August 10, 2007 marks the celebration of the 85-year anniversary of San Francisco's beloved Castro Theatre, what Gary Morris at Bright Lights Film Journal nicknames "The Church of Camp" because—as he so wryly proposes—"At some point that historians have yet to determine, camp replaced Christianity for many of us."
In his slim yet elegant tribute to the movie palaces of San Francisco's yesteryear, Jack Tillmany's 2005 volume Theatres of San Francisco is requisite reading for any self-respecting Bay Area cinephile. On his acknowledgements page Tillmany includes a photograph taken from the stage of the capacity opening night audience for the first Castro Theatre, built and operated by the Nasser Brothers—Abraham, Albert and Sam—upon its opening on Wednesday, December 21, 1910. The success of that venture precipitated the building of today's Castro Theatre in 1922.
Tillmany qualifies that the Castro Theatre actually opened its doors on June 22, 1922, at 429 Castro Street. (Oddly enough, I have never known the address of the Castro Theatre. Whenever I've had a cab take me there, it's never been necessary to know.) Tillmany writes: "It was designed by Timothy Pflueger, whose career supposedly originated with the Castro commission, and was built at a cost of $300,000 by the Nasser Brothers, whose family continues to operate it today. For the first 50 years of its existence, the Castro was never a first-run operation. It was simply an unpretentious link in the Nasser Brothers chain, a third-run house with moderately priced double features aimed at neighborhood residents.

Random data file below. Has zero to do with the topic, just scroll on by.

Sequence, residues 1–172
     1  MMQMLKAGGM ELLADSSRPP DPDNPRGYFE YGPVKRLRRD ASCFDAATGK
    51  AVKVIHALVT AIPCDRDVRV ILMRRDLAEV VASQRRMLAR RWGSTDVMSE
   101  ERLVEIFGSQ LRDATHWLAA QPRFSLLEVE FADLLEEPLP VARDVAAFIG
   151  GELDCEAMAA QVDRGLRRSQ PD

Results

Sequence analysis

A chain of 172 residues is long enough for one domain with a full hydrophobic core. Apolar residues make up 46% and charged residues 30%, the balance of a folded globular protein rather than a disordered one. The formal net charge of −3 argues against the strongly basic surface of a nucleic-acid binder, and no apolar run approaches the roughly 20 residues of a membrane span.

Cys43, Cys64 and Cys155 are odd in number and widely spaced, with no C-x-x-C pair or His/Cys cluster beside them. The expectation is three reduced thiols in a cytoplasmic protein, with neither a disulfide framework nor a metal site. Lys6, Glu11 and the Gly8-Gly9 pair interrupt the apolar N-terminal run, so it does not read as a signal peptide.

"…In 1954, in order to properly deal with widescreen projection, the screen was moved from the original miniscule proscenium against the back wall to the front of the stage and extended from pillar to pillar. In October 1989, the Loma Prieta earthquake took a heavy toll on the rococo features …; however, careful restoration over the ensuing years has kept the auditorium in otherwise near-vintage condition.
"In July 1977, the Castro Theatre became the 100th San Francisco edifice to receive the protection and prestige of landmark status." (Theatres of San Francisco, 2005:109-110.)
The Western Neighborhoods Project had the good sense to interview Jack Tillmany—former owner of the Gateway Cinema and a major contributor to the IMdb—back when the book came out and have likewise published his fascinating account of experiencing a streetcar accident on what was then the 31/Balboa. Cinema Treasures likewise profiled Tillmany upon the book's publication. Tillmany has also published a companion volume The Theatres of Oakland.
Further history on the Castro Theatre can be found at the theater's website, which includes the aforementioned Bright Lights Film Journal essay, the entry on the Cinema Treasures website, and an entry on the American Theatre Organ Society website which specifies that the installation of the present Mighty Wurlitzer organ began in 1979 under the direction of Richard Taylor and Ed Stout. My SF360 interview with Ed Stout can be found here.
In a sweet, generous gesture to its beginnings, The Castro Theatre will be screening Laurel and Hardy's Way Out West and a Bugs Bunny cartoon carnival on Saturday, August 11, 11:00AM, for the historic price of 25¢; the same price as on opening day 1922!
08/10/07 UPDATE: Max Goldberg amplifies the Castro's history at SF360.